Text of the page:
13 Venue Name Information ANQP Element The venue name information ANQP element provides additional information (i.e., metadata) about the hotspot. For instance, it may include the following information: XYZ Stadium Home of Major League Sports 123 Main Street City, State, Zip Code Telephone: The hotspot operator, at its discretion, can configure the information in the AP to describe the venue in which the hotspot is located. Typically, when there are multiple Passpoint APs in a given venue, the hotspot operator configures all of them with the same venue name. However, different venues (e.g., two coffee shops) having Wi-Fi access provided by the same hotspot operator may have different venue names even though they may share an service set identifier (SSID) name. Hotspot operators can list venue names in multiple languages and can include, for instance, the venue name information in the languages used by their frequent visitors. The mobile device selects the preferred language for the information to be displayed to the user. The mobile device may obtain venue name information through an ANQP query to assist the user during manual hotspot selection, if this is required. The mobile device implementation determines whether mobile device displays the venue name information Venue Info Field ANQP Element The venue info field in the information element provides additional information about the group and type of hotspot venue. The group and type descriptors are drawn from the International Building Code [8]. The allowable group values are defined in [4, section , Table 7-25m]. The hotspot operator shall configure the Passpoint AP with one of the venue group description values, such as assembly or business, from that table. The allowable type values are defined in [4, section , Table 7-25n]. The hotspot operator shall configure the AP with one of the venue description values, such as arena or stadium, from that table. The mobile device may use the venue info field in the Hotspot 2.0 beacon frame or venue name information ANQP element see [4, section ] to assist the user during manual hotspot selection, when it is required. Whether the mobile device displays the venue information is determined by the device's implementation. Following the example in section 3.2.2, the venue group would be set to 1 (assembly) and venue type would be set to 2 (stadium) Operator's Friendly Name Hotspot 2.0 ANQP Element The operator friendly name Hotspot 2.0 ANQP element [2] provides the friendly name of the hotspot operator. The hotspot operator shall configure this information in the Passpoint AP. Multiple operator friendly names are allowed; so, for instance, hotspot operators can include operator friendly names in multiple languages. The mobile device may obtain the operator friendly name via GAS/ANQP queries to assist the user during manual hotspot selection if it is required, to provide the operator name of the connected hotspot to the user, or for any other reason. Whether mobile devices display the operator s friendly name is up to the implementation. Page 13 of 25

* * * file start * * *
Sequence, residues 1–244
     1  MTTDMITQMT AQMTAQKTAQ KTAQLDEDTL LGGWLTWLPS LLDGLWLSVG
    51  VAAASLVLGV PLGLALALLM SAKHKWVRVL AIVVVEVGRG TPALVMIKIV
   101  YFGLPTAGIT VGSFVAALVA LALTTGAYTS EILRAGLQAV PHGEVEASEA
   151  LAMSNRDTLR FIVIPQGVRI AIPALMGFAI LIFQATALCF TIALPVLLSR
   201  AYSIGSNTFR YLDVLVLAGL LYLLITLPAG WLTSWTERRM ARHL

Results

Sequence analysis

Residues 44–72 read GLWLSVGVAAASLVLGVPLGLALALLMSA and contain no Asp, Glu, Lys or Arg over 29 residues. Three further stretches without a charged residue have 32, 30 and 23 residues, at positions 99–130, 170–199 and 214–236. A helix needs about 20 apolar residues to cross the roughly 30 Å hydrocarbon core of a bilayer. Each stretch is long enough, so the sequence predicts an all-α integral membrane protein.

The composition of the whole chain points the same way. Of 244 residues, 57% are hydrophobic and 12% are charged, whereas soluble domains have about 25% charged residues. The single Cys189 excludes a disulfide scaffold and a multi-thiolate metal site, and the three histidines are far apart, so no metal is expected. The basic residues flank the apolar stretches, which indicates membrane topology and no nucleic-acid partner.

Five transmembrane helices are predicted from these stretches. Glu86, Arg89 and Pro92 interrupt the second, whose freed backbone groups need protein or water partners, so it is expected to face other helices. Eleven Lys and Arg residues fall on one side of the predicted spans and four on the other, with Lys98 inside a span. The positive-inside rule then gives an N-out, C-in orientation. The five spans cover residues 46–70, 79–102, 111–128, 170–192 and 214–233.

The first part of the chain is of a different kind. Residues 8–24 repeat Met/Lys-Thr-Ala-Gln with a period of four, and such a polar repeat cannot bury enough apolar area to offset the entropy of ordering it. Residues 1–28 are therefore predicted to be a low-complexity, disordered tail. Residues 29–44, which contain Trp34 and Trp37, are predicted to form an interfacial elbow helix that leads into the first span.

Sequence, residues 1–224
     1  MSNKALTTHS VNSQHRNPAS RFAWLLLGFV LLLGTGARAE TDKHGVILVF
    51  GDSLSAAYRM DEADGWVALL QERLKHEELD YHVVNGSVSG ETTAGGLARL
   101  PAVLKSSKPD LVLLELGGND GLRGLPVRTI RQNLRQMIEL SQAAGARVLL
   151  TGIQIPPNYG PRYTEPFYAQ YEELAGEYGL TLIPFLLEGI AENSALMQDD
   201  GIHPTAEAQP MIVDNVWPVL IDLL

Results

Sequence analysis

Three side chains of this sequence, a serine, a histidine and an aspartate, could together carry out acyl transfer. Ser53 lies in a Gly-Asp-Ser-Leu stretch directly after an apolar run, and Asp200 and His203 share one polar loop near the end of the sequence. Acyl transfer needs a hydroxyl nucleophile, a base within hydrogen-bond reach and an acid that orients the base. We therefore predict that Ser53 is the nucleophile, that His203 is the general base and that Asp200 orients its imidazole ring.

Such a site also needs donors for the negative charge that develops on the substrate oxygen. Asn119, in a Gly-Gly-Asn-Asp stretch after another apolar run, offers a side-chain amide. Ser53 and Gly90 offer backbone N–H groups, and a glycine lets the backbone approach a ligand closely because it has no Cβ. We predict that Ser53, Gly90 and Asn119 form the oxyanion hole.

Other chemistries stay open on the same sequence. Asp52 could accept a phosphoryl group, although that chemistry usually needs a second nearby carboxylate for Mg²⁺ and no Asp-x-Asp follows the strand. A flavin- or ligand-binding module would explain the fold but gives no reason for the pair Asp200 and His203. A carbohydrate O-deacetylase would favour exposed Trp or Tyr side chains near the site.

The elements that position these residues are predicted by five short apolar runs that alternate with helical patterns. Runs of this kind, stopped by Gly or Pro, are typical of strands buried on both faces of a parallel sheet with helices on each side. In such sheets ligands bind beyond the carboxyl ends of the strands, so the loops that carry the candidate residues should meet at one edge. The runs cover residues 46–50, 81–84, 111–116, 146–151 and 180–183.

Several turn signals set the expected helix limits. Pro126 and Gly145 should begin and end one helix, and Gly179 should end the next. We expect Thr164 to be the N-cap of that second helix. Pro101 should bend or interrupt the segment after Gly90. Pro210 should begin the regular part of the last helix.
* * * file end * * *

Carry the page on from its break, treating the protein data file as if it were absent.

14 Network Characteristics: ANQP Elements IP Address Type Availability Information ANQP Element The Internet Protocol (IP) address type availability information ANQP element provides information about the IP address version and type that the hotspot operator uses and that would be allocated and available to a mobile device after it authenticates to the network. The hotspot operator shall configure the information in the AP to reflect the IP address configuration of the wireless area network (WAN) router, the Dynamic Host Configuration Protocol (DHCP) server if present 4, and the firewall behind the AP. When the SSID provides direct access to a single core network (e.g., the 3GPP Evolved Packet Core [EPC]), this configuration may take into account the address type supported by the core network. Available IP Version 4 (IPv4) and IPv6 address parameters are listed in Table 1. See also [4, section ]: Address parameter Configuration Condition for use IPv4 Public IPv4 address Port-restricted IPv4 address Single- network address translation (NAT) private IPv4 address Double-NATed private IPv4 address Port-restricted public IPv4 address and single-nat IPv4 address Port-restricted IPv4 address and double- Allowed Not used 5 Allowed Allowed Not used Not used The hotspot allocates a public IPv4 address to the mobile device after association The hotspot allocates a private IPv4 address to the mobile device after association 6 Access to a single core network is provided and the combination of the hotspot network and the core network allocates a double-nat IPv4 address to the mobile device after association 4 Note that a DHCP server is not needed when IP addresses are assigned using IPv6 stateless address allocation. 5 As of the date of the Deployment Guide's publication, the Internet Engineering Task Force (IETF) is working on how to port-restrict an IPv4 address. 6 IETF RFC1918, Address Allocation for Private Internets, Page 14 of 25